Lang early leader at US Womens Open

By Associated PressJuly 9, 2010, 5:39 am

2010 U.S. Women

OAKMONT, Pa. – Brittany Lang knows what it is like to lead the U.S. Women’s Open after one round. What she is determined to do this time is be in front after the final round, too.

“It’s out there if you want it,” Lang said after her opening-round 69 made her the sole leader in the women’s national championship.

What Cristie Kerr likes is it is easily out there for her, too. Again.

Kerr, who trounced the LPGA Championship field by 12 strokes two weeks ago, was three shots off the lead going into Friday’s second round – the kind of margin that a cantankerous Oakmont Country Club can erase in a matter of moments.

Kerr was reminded immediately that winning one tournament guarantees nothing in the next when she bogeyed the first two holes. Welcome back to the Women’s Open. One hole later, the world’s No. 1-ranked golfer rallied with two birdies, and she finished with all pars except for one bogey.

Brittany Lang
Lang's opening-round 69 put her alone at the top of the U.S. Women's Open. (Getty Images)
A brilliant round? Hardly. An encouraging round? For sure.

“There’s not going to be a 19 under on this course,” Kerr said, referring to her LPGA score. “If somebody is under par at the end of the week, I’ll be surprised.”

Lang fashioned a surprise of sorts by being 2-under par after one round. As unpredictable as Oakmont’s pool table-fast greens were, and as confidence draining as the 94-degree heat was, many golfers wouldn’t have been surprised if even-par 71 would have produced a leader.

Lang was at 3 under until bogeying the final hole.

“You said it couldn’t be done, but on any golf course you can shoot a low number,” the 24-year-old Lang said. “If you’re hitting the ball good, you can for sure shoot a low score out here. But if you’re not on your game, you can shoot a big one.”

The proof: The 11-over 82 by Michelle Wie, who is ranked No. 10 in the world, and the 6-over 77 by returning champion Eun-Hee Ji. Both need the kind of round Oakmont almost never gives up merely to make it to the weekend.

“Everything,” Wie said when asked what she must do better.

Lang, the first-round leader as an amateur in 2005, and Kerr offer some hope that the U.S. might be restored to the U.S. Women’s Open. An American has won only once in five years – Kerr in 2007 – and only two U.S. golfers (Kerr and Wie) are in the Top 10.

Lang and fellow amateur-at-the-time Morgan Pressel tied for second in 2005, the same year that another then-amateur – yes, Wie – was tied for the lead after three rounds. Lang, who has won more than $2 million since then on the LPGA Tour, believes she is much better equipped now to win.

“Good scores will come if I control myself,” she said.

Or, by accepting pars on a course that can humble those determined to try for birdies – apparently, Wie’s mistake during a round in which she lost seven shots to par during one tournament-ruining, four-hole swing during his first nine.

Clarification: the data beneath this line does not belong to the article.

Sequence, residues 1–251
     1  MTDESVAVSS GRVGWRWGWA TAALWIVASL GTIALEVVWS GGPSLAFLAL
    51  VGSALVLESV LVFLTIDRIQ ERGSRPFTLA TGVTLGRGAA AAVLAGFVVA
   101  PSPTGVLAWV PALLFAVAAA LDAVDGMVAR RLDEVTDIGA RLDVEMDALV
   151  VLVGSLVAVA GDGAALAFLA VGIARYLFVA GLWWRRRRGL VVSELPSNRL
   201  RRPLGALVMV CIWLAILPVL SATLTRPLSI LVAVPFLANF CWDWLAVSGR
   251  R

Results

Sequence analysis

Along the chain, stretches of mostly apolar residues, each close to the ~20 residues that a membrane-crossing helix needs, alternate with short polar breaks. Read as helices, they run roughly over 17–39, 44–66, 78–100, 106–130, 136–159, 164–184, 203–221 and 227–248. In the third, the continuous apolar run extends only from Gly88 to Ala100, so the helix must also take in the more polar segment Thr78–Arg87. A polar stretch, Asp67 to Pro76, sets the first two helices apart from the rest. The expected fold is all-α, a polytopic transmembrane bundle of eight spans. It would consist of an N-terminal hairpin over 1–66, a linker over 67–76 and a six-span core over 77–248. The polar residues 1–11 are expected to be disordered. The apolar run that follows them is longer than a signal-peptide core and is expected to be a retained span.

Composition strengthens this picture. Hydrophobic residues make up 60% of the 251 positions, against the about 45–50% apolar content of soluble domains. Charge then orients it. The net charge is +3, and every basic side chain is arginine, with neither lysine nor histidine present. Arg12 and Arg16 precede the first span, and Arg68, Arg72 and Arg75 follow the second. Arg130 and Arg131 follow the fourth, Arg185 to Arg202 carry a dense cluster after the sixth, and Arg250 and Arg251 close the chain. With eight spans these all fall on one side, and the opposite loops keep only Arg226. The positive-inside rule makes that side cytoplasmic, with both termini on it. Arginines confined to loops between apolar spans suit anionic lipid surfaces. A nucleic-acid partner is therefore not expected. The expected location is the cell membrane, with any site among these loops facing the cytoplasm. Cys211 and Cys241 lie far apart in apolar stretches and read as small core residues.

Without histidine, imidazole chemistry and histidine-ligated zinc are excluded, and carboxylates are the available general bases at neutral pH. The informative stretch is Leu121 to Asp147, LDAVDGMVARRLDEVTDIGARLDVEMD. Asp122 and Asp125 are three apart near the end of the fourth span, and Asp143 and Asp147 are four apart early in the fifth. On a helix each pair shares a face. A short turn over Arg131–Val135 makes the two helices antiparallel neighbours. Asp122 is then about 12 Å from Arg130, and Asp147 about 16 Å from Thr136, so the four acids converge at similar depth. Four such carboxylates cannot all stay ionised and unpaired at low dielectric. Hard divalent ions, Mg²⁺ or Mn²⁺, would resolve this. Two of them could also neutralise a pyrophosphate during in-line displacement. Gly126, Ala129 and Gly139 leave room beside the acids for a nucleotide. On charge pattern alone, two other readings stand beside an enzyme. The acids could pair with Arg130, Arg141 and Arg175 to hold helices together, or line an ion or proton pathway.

“Even par is going to be sitting very nicely, you know, come the end of the week,” Lang said.

Paula Creamer said it is a must to adjust one’s play to a course where Stimpmeter readings on the greens are nearly 14, only slightly less than they were for the men at the 2007 U.S. Open.

“I’m playing pretty conservative,” said Creamer, who was among 14 golfers at 1-over 72. “I’m an aggressive player, and I have definitely changed the way that I play a golf course this week.”

Lang has already accomplished what some golfers believed might not happen on an historic course that’s set up much the same way it was in 2007, when Angel Cabrera won with a plus-5. And that’s shoot a round in the 60s.

“If I stay into each shot like I did, I’ll be at the top of the leaderboard,” Lang said,

The unexpected name atop that leaderboard much of the day was amateur Kelli Shean, a 22-year-old University of Arkansas golfer, Ernie Els enthusiast and a native of South Africa.

Shean gave up a shot with a bogey at No., 9 her finishing hole, and was joined by 2008 winner Inbee Park and two other Korean golfers, M.J. Hur and Amy Yang, at 1-under 70.

“I’m ecstatic to be here,” Shean said. “I didn’t expect to be here. I’m just really thankful.”

No doubt she and the rest of the 156-player field will be thankful if the predicted cold front comes through Friday and shaves 10 degrees off temperatures that climbed into the low 90s on Thursday, just as they did for each of the three practice rounds.

The heat browned Oakmont’s treacherous greens throughout the afternoon and slowed play to a pace that was dawdling at best. Mhairi McKay’s threesome, the first to hit the course, was warned about slow play only four holes into a round that lasted 5 1/2 hours.

Getty Images

Cabreras win PNC Father/Son Challenge

By Associated PressDecember 17, 2017, 11:36 pm

ORLANDO, Fla. - Angel Cabrera and Angel Cabrera Jr. closed with a 12-under 60 for a three-shot victory in their debut at the PNC Father/Son Challenge.

The Cabreras opened with a 59 at The Ritz-Carlton Golf Club and were challenged briefly by the defending champions, David Duval and Nick Karavites, in the scramble format Sunday. The Argentines went out in 30, and they had a two-shot lead with Cabrera's son came within an inch of chipping in for eagle on the final hole.

They finished at 25-under 199 for a three-shot victory over Duval and Karavites, and Bernhard Langer and Jason Langer. The Langer team won in 2014.

Mark O'Meara and Shaun O'Meara tied for fourth at 21 under with Jerry Pate and Wesley Pate.